7. There Is a Lot of Guilt
“It’s hard to avoid the guilt that comes with being a single parent. At least when you’re first starting out. When you see other families out and around, it’s easy to get wrapped up in the mindset that you did something wrong because you’re not like them. When I started my journey as a single dad, I felt very self-conscious. Like somehow I’d let my daughter down by not giving her this traditional experience. Looking back, I realize how self-destructive and immature that type of thinking was. I guess I wish I would’ve known early on that parenting — whether single, or with a partner — is about the relationship you create with your kid. At first, when you’re in that panic mode, you can feel guilty when you don’t know exactly what that relationship will look like. But over time, as long as you do your best, everything works itself out.” – Marcus, 38, Texas
8. Dating Is Really Difficult.
“Not because of the children, but because of the logistics and emotions. When I was ready to date again after my wife passed away, I thought that it would be as simple as finding a babysitter. I had my mum, my sister, and even some of my friends willing to step in and cheer me on. At first, scheduling dates was hard, because many of the women I’d meet were also single parents. So it was difficult to find that one elusive night that worked in both of our calendars.
And then, on the actual dates, it was just pure anxiety. I wasn’t ready. I thought I was. And people told me I was. But I wasn’t. I wish I would’ve taken more time to prepare for that step of moving on with my life. I don’t think I rushed things, necessarily, but I also don’t think that I was in the right headspace to deal with getting back out there. That readiness is going to be different for everyone, and I wish I’d known how better to determine when it was right for me.”
— Lucas, 37, Pennsylvania
9. You’ll Try To Overcompensate
“Looking back, I’m shocked at how quickly my kids showed signs of independence when it was just me and them. In fact, they’re probably the only reason I made it through those early years of being a single dad. My first reaction when I became a single dad was to be overprotective of my kids, probably as a way of overcompensating for my insecurity. I definitely oversteered, and forced them to let me do stuff for them that they were capable of doing themselves.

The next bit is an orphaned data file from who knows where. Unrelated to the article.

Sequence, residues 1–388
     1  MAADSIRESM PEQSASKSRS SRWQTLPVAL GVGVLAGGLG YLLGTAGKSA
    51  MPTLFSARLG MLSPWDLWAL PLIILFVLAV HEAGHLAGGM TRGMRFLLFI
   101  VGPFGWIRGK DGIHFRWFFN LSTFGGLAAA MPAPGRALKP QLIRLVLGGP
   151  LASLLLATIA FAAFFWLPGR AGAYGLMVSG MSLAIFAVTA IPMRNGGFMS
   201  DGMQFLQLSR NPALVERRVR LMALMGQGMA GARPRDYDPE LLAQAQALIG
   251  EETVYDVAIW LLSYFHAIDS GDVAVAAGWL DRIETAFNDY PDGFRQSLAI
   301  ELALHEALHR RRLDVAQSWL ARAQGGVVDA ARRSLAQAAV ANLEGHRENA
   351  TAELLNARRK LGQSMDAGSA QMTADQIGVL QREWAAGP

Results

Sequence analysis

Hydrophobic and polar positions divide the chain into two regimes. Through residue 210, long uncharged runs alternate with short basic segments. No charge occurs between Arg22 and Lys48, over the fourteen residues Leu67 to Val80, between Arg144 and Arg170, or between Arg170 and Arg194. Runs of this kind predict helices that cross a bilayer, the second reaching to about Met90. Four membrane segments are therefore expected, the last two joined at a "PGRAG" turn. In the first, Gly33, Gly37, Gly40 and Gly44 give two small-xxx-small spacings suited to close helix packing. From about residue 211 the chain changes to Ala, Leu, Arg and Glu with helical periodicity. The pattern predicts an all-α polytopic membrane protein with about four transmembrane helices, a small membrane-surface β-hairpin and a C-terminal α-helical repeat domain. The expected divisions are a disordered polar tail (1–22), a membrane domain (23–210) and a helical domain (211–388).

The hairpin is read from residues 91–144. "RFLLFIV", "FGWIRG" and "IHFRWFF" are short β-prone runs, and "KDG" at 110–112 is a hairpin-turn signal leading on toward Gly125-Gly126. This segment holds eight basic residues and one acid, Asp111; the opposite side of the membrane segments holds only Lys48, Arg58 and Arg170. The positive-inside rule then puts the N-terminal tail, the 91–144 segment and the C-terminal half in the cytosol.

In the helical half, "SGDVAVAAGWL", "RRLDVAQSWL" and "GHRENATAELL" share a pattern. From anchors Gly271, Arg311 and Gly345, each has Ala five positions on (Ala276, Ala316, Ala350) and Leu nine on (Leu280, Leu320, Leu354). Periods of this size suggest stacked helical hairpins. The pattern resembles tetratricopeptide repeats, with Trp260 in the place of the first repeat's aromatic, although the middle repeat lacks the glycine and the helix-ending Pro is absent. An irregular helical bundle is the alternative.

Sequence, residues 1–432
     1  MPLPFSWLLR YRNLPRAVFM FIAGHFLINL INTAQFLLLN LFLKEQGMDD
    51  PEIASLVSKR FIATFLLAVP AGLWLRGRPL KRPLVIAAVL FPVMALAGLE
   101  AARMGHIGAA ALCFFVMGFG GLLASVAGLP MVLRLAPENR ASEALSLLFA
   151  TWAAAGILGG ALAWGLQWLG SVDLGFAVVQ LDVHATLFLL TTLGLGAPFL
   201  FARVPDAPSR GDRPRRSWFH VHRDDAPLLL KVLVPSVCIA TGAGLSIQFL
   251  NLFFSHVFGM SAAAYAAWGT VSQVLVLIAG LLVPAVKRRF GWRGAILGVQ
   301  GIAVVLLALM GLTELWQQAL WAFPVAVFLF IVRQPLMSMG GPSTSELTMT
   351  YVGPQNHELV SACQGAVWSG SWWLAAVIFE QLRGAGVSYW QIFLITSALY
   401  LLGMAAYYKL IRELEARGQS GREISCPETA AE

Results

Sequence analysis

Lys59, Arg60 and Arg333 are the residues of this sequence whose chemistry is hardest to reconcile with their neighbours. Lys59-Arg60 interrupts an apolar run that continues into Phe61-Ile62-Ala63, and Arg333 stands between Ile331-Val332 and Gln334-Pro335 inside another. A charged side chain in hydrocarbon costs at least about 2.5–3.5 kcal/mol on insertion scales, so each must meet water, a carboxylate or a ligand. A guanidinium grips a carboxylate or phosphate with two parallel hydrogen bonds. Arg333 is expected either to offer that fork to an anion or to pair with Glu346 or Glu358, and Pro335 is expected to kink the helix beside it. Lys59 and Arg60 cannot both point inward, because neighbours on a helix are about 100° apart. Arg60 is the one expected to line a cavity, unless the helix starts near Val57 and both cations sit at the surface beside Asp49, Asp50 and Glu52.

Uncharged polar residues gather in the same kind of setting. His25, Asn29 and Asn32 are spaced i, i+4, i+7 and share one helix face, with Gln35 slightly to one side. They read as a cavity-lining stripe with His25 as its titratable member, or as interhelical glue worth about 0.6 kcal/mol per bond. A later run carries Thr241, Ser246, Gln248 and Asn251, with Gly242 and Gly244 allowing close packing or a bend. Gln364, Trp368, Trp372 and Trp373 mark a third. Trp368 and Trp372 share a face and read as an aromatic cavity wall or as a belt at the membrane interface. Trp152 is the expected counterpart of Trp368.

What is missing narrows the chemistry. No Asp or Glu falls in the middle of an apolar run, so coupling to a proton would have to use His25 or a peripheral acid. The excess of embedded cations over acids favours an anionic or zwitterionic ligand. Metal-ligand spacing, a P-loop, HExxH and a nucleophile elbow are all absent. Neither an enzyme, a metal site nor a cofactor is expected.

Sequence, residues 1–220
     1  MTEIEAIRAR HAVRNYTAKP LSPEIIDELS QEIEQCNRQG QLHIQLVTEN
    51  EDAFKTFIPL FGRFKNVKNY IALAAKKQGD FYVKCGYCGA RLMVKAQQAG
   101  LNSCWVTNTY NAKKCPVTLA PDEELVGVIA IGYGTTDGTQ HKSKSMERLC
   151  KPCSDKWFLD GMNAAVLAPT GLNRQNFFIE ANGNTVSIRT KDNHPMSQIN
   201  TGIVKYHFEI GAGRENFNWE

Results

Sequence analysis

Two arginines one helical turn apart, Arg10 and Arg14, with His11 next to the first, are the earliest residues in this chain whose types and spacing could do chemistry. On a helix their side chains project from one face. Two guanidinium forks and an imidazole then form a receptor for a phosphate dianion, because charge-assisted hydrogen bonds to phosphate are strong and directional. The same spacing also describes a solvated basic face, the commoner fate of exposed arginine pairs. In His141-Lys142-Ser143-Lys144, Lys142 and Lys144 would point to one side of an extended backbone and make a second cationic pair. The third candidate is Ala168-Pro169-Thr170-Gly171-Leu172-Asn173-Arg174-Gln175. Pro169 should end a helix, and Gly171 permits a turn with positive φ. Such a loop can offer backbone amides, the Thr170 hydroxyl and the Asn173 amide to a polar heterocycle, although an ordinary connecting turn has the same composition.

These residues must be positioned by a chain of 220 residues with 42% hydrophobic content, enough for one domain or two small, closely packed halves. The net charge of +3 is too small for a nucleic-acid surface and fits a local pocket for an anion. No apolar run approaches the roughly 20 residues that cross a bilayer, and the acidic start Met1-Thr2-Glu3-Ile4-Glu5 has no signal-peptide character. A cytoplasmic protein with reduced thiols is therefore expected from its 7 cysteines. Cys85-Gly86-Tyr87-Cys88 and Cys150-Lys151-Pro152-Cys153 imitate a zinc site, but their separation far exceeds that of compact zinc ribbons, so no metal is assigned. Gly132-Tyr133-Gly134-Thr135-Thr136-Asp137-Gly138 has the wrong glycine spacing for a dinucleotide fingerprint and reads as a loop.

It wasn’t until they were almost teenagers that I realised I was overdoing it as a way to make myself feel like a good father. I was a good father, but I think I would’ve contributed more to their growth if I’d just let them… grow. One of the greatest skills a child can learn is independence and, even though everything has worked out, my kids missed out on some of that because I was insecure.”
— Marc, 55, South Carolina
10. Asking For Help is Not a Flaw
“I wish I had learned sooner that asking for help didn’t diminish my parenting capabilities. It wasn’t a flaw or a sign of weakness. It’s taking stock of your own limitations, accepting those, and working to better yourself for your child.
So often, men want to be bulletproof and have the answer to everything because, from a young age, that’s what we’re taught masculinity is at its core.
But there’s nothing of value to not asking for help when you need it. It doesn’t make you any less of a good parent to lean on others from time to time, especially when it’s to benefit your child.”
— Ed, 43, Ohio
11. You Need To Be Upfront About Your Priorities
“As a newly single father, I met several women who didn’t have kids and just assumed that they realised my son was going to be my priority. They didn’t, and that’s not their fault. I found myself having to cancel plans more often than not, to be flexible with my son’s schedule, and they got angry and upset. And it’s totally understandable, looking back.
I never tried to hide the fact that I was a single dad, but I think I could’ve avoided a lot of aggravation by being more forthcoming about the fact that, at that point in his life, I needed to be there for him without hesitation. I know I would’ve appreciated that level of honesty if the roles were reversed.”
— Alex, 44, Nevada
12. You’re Valuable
“My first days as a single dad were spent feeling pretty worthless. It’s easy to fall into the trap of thinking you’re a loser, or a deadbeat as a newly single father. That was where my head was for a while. But then my therapist asked me, ‘Is that how you thought of yourself when you were just a father? Without the single?’
And it clicked. I still had the same value to my kids as I did when my ex and I were together, but my mind was tricking me into not believing it. My role in their lives wasn’t exactly the same, but I realised that I was just as valuable — if not more so — than I was before.
I could bond with them in a unique way that set the tone for the special relationship we would share forever. I could be a source of comfort when they needed a break from the other parts of their lives. I could make sure they saw me as a fixed point, and a source of stability no matter where they were. And I grew to really cherish those roles over time. My worth had nothing to do with the ‘single’ and everything to do with the ‘dad’, which I wish I would’ve realised much, much sooner.”
— Travis, 53, Rhode Island
Originally published at MSN.com. Photo by Nicole Michalou.